Mon, Feb 25, 2013 - Page 12 News List

The best food in Asia

The 5th ‘Miele Guide’ to the best restaurants in Asia provides insight into what is happening in Asia’s culinary scene

By Ian Bartholomew  /  Staff reporter

Maxime de La Grange Sury, Director of Food and Beverage at the Far Eastern Plaza Hotel, Taipei (台北遠東國際大飯店), said: “We think the most important reviews come directly from our diners, and probably those who voted for us did leave with a good impression.” The hotel’s Marco Polo Restaurant is among the restaurants selected as among the best in Taiwan. Sury added that something like The Miele Guide was especially important for a place like Taiwan, which does not have dedicated English-language restaurant guides like the Michelin guides for Hong Kong and Japan.


International exposure of the chef or the restaurant has a big impact on whether a restaurant makes it into the guide. For Taiwan, restaurants such as Din Tai Fung (鼎泰豐) and Shin Yeh (欣葉餐廳) might have some local foodies rolling their eyes at the almost cliched presence of these big brands, when there are so many other contenders. But when people talk about Taiwan, these are the names that inevitably crop up. This might be because many good restaurants only get coverage in dedicated food blogs and culinary magazines, with little attention paid by the mainstream media.

“What international exposure does is that it makes consumers more aware of a restaurant, so they are more likely to visit the place. If a restaurant is written about in magazines or newspapers around the world, people visiting Taipei will say ‘I want to visit that place because I read about it,’ and that means there is a greater chance a person will have tried it, will have understood it, liked it and voted for it … I would really like to see more restaurants from Taiwan or Korea, but the amount of media coverage on the top restaurants is not that frequent. You don’t see articles every weekend about top Taiwanese gourmet haunts, but you do see that for restaurants in Tokyo,” Koh said.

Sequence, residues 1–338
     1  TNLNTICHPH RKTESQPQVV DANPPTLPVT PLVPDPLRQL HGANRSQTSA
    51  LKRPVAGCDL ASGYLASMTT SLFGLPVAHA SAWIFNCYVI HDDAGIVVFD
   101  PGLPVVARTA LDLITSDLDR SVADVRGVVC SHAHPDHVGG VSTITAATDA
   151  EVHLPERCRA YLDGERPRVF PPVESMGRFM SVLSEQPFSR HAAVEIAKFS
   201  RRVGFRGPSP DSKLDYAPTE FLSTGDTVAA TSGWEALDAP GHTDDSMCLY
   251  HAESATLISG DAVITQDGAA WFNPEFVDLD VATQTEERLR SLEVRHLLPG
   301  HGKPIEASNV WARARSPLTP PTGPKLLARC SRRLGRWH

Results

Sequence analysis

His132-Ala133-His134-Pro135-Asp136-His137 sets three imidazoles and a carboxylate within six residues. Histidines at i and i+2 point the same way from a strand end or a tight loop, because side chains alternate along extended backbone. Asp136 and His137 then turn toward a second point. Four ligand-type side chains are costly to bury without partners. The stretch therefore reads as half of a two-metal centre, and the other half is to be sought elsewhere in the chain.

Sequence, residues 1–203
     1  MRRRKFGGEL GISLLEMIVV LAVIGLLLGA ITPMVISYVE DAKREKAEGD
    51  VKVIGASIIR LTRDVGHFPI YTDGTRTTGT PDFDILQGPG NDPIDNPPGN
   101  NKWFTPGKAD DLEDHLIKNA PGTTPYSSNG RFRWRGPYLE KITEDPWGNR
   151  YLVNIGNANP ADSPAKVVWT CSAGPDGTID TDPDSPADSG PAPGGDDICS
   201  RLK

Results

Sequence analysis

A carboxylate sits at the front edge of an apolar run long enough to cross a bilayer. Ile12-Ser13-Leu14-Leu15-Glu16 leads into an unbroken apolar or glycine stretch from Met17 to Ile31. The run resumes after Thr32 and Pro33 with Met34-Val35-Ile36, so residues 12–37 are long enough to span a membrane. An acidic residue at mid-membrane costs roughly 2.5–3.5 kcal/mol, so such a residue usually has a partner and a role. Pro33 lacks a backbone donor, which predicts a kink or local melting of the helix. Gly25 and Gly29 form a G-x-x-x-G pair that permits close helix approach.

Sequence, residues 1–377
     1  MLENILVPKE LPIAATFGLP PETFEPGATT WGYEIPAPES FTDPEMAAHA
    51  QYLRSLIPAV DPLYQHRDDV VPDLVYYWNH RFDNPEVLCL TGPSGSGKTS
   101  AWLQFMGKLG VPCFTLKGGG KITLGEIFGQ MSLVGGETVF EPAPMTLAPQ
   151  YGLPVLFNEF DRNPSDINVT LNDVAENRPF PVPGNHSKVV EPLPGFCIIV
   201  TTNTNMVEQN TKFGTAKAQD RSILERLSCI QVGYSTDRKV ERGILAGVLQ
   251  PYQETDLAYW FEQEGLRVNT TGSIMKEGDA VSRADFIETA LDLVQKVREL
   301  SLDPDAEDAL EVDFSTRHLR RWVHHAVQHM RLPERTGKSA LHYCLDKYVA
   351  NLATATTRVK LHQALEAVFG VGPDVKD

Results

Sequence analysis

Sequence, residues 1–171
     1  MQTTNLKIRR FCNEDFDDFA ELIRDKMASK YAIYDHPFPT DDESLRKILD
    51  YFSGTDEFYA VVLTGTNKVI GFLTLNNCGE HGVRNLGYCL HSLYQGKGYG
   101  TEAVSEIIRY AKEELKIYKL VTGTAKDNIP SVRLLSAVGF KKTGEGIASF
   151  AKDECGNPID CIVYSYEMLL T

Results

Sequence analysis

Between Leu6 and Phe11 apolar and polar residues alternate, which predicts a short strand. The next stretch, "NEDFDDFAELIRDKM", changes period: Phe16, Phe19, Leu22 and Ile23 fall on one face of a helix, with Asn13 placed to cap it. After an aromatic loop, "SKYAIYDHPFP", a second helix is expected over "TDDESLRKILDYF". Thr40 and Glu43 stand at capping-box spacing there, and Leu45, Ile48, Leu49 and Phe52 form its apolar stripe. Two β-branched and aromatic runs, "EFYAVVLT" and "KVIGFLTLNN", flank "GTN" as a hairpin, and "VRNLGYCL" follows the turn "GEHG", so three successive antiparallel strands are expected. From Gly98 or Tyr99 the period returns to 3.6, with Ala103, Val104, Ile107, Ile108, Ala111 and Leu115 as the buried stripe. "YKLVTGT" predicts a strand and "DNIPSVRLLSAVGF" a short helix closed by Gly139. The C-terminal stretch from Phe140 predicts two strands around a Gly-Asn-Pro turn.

Apart from the media, the attitude of locals to their restaurants can also have a powerful effect. Koh gave the example of the Philippines. “I have noted that every time the vote comes around, the social media scene [in the Philippines] just explodes. They are so proud of their chefs and their restaurateurs that every single [food] blogger is campaigning for their country. They are telling all their readers that they must vote so that [restaurants] in the Philippines can get better known internationally. There is a lot of pride, and they champion not just one chef or one restaurant,” Koh said, adding that The Miele Guide hoped to encourage similar interest and active endorsement of local culinary achievement by people in Taiwan. Only in this way will the word get out to a regional, or even international audience.

“People in Taiwan talk about street food, the food in the night market. That is where Singapore was five, six years ago … but I know there are many very talented chefs who are doing amazing things [in Taiwan],” Koh said.

Given some of the exceptional food available at establishments around Taiwan, it is a little disheartening to note that all 20 of the restaurants for Taiwan in The Miele Guide are located in Taipei. This is likely to be due to the poverty of English-language information about establishments outside the capital, which keeps many fine establishments obscured from the international community.

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